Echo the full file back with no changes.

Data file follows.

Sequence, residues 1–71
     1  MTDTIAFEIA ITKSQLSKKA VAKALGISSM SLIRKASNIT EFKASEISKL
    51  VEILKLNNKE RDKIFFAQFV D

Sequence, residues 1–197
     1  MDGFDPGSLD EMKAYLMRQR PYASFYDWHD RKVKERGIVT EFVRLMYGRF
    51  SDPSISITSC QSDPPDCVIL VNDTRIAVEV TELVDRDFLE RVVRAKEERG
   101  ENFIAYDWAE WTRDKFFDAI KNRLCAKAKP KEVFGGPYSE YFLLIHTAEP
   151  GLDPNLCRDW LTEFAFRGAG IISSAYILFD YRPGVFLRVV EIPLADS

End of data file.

Sequence, residues 1–71
     1  MTDTIAFEIA ITKSQLSKKA VAKALGISSM SLIRKASNIT EFKASEISKL
    51  VEILKLNNKE RDKIFFAQFV D

Sequence, residues 1–197
     1  MDGFDPGSLD EMKAYLMRQR PYASFYDWHD RKVKERGIVT EFVRLMYGRF
    51  SDPSISITSC QSDPPDCVIL VNDTRIAVEV TELVDRDFLE RVVRAKEERG
   101  ENFIAYDWAE WTRDKFFDAI KNRLCAKAKP KEVFGGPYSE YFLLIHTAEP
   151  GLDPNLCRDW LTEFAFRGAG IISSAYILFD YRPGVFLRVV EIPLADS